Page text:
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I was an untrained filly those early days of marriage. We lived in a one-room furnished apartment with a pull-down bed for one whole, miserable month, and then we both agreed it was necessary to find open spaces. These were the depression years, and we were very poor along with everyone else.

We found a house for rent for ten dollars a month on the wrong side of the tracks in the rural fringes of the southern Indiana city where we lived. This place was just an unfinished shell of a house with rough under-flooring, plaster board walls, and no trim at the windows. It had, on the positive side, three rooms and a yard with a creek running right in front of the front porch.

Without gas, running water, or central heating, we lived a primitive life. My incapacity as a housewife made it even worse than primitive. I had a one-burner stove which made infinite courses in our menu because I could only burn one thing at a time. When our stomachs rebelled too much, we took an evening off and cooked a campfire meal on the banks of the Ohio river, but most of the time I struggled to conquer the stove, my ignorance, and my husband's taste in food.

We went visiting once at the home of a well-ordered couple, also recently married. They had running water, heat, electricity and gas but, more important, the bride knew all about how to manage a household. She was a gracious hostess and generous with her tips about how to be efficient.

"I always keep a boiled tongue on hand," she said, "in case guests drop in, and I need to fix something in a hurry."

I had never heard of eating tongue before to say nothing about preparing one, so I asked how to do it. "Just put it on the stove in a pan of water," she said, "and let it boil four hours. Then drain the water off, peel off the tough outer skin, and slice it as you use it."

This seemed possible to me, so I conscientiously bought one at the store next time I shopped. One morning, when I was going into town for some scout meetings, I put the tongue on to boil before I left, carefully noting the time.

The spring day was lovely with the earth coming alive at the gentle touch of a fragrant breeze. I was the only passenger who caught the bus at the end of the line, and when the next passenger boarded, in friendly Southern fashion, she took the seat beside me so we could converse.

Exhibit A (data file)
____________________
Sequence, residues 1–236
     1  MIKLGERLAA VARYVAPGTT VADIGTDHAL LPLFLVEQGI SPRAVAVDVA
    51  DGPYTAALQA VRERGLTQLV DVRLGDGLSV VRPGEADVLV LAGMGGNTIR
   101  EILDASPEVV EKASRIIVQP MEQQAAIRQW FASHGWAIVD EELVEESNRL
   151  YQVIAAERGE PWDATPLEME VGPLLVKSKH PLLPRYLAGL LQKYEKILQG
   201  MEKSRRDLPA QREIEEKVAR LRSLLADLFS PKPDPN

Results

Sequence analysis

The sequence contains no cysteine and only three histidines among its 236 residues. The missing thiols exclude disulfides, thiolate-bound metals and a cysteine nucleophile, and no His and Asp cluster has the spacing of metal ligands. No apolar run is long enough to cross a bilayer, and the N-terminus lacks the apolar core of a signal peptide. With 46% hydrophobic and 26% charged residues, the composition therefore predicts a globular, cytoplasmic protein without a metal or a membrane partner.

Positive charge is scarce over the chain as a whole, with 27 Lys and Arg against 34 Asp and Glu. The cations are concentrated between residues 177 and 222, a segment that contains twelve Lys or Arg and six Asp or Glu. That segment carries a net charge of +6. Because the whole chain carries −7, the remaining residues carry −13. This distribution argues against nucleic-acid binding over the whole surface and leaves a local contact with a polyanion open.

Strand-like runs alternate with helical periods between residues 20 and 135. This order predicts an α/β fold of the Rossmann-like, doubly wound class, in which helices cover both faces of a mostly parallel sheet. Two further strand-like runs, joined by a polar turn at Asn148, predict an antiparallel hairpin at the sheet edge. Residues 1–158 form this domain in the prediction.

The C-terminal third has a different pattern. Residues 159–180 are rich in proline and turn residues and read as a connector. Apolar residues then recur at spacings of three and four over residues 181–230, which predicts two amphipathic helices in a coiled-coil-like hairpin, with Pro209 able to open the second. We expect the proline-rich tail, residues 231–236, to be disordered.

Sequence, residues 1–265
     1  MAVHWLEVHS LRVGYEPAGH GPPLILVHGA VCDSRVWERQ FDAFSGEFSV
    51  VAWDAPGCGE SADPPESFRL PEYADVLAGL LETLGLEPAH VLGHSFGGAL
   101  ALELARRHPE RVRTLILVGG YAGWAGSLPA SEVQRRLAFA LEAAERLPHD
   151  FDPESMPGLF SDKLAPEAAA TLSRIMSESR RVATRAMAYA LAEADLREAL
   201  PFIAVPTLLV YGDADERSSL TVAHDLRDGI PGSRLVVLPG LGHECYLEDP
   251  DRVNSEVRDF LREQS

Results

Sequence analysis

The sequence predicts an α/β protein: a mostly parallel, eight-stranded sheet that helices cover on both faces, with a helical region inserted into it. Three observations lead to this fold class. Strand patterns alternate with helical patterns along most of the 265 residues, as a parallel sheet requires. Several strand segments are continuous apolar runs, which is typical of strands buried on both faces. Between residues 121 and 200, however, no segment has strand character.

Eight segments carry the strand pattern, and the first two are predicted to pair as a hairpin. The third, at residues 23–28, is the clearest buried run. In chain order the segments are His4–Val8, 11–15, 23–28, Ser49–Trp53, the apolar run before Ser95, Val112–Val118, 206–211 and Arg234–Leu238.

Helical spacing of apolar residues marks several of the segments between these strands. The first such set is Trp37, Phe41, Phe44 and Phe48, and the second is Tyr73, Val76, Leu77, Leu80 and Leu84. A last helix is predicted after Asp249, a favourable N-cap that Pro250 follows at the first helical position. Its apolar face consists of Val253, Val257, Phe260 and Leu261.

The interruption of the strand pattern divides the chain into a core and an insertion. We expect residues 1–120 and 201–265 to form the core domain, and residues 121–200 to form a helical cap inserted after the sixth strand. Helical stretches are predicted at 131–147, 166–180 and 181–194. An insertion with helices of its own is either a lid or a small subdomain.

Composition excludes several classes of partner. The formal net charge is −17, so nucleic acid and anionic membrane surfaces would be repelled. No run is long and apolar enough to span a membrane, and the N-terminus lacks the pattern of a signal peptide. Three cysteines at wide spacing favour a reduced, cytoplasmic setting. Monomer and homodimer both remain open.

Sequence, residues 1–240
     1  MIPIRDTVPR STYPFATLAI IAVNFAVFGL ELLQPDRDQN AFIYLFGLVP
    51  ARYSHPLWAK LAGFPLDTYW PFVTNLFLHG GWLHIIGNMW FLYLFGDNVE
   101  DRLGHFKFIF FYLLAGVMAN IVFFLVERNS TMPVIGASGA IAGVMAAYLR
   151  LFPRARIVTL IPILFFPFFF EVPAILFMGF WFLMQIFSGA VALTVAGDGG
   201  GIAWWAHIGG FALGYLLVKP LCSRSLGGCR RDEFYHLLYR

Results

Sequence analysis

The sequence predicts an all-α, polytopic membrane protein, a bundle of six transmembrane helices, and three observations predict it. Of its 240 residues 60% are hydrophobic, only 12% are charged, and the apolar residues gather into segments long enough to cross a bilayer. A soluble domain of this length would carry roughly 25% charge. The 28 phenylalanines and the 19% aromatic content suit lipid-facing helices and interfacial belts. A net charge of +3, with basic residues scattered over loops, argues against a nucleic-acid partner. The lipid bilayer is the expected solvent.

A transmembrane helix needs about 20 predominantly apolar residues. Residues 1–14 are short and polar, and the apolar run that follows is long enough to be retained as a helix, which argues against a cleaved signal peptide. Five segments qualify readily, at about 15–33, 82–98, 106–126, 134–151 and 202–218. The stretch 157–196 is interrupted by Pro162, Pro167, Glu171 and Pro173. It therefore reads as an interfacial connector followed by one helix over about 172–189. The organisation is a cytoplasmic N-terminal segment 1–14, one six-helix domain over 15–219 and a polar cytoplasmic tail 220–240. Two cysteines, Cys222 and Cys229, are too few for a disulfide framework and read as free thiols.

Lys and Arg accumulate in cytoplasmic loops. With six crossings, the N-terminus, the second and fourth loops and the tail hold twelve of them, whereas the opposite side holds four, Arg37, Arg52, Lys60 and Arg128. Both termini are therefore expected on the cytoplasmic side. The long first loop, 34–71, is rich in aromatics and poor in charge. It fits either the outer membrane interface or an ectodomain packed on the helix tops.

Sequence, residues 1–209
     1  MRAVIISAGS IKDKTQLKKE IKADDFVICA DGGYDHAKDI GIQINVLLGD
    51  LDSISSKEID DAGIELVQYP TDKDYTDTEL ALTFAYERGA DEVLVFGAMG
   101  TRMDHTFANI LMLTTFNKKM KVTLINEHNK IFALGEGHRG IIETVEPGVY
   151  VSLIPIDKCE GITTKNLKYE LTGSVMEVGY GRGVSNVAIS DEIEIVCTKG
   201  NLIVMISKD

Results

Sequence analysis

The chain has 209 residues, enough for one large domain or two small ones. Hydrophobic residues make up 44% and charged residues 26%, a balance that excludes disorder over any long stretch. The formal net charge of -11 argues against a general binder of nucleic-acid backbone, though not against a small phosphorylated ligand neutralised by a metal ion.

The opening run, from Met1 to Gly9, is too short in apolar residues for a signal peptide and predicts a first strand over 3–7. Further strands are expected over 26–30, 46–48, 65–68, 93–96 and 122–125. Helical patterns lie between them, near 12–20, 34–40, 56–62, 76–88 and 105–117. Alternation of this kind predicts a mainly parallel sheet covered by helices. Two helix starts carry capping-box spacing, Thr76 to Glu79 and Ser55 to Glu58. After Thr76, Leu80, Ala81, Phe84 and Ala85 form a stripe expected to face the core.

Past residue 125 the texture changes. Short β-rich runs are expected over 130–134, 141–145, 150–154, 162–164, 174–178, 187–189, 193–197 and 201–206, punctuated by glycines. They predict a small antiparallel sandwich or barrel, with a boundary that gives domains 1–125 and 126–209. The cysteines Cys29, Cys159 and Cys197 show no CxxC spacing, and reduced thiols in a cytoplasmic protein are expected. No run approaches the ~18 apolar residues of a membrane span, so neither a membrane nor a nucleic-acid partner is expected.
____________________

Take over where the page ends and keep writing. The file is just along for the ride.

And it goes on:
"Isn't the day delightful," I gushed. "I've got spring fever!"

She looked thoughtfully at me for a few moments, then got up and changed seats. I chuckled to myself. Our neighbors in this area were constantly surprising us with their warmth, their matter-of-fact interdependence, and their ignorance.

"You can't get rid of bedbugs," they had told us when we fumigated our humble dwelling. No doubt my bus companion thought spring fever might be contagious, and she wasn't taking any chances.

I was careful to return well within the four hours my tongue was supposed to boil. Imagine my surprise to find smoke pouring out of all angles from our loose house.

"It's on fire! I thought at first a I approached, but as I caught the smell, I realized it was the tongue. I rushed inside, choking and coughing violently, got the pot off the stove, and threw it outside the door. Our two dogs, locked in the house during my absence, were almost dead from suffocation. Burned tongue has the strongest, most penetrating odor I have ever experienced. If tear gas is ever outlawed, burned tongue would make an adequate substitute. It was years before we got rid of that acrid odor. It even penetrated the pores of the wooden chairs and ten years later, if the house were closed for any length of time, the strong odor at our return brought back overpowering memories of my stupidity. My instructor had taken it for granted that I would realize that water needed to be added from time to time if something was boiling that long.

It was thus I tried to solve the practical problems related to my responsibilities as a housewife. Eventually I gained adequate skill, but all through the years of my marriage I have never succeeded in putting my focus on these things. Cooking is fun because it is creative, but the orderly pursuit of cleaning, laundry, and neatness remains a constant frustration. I might as well accept the fact I'll never be a Martha.

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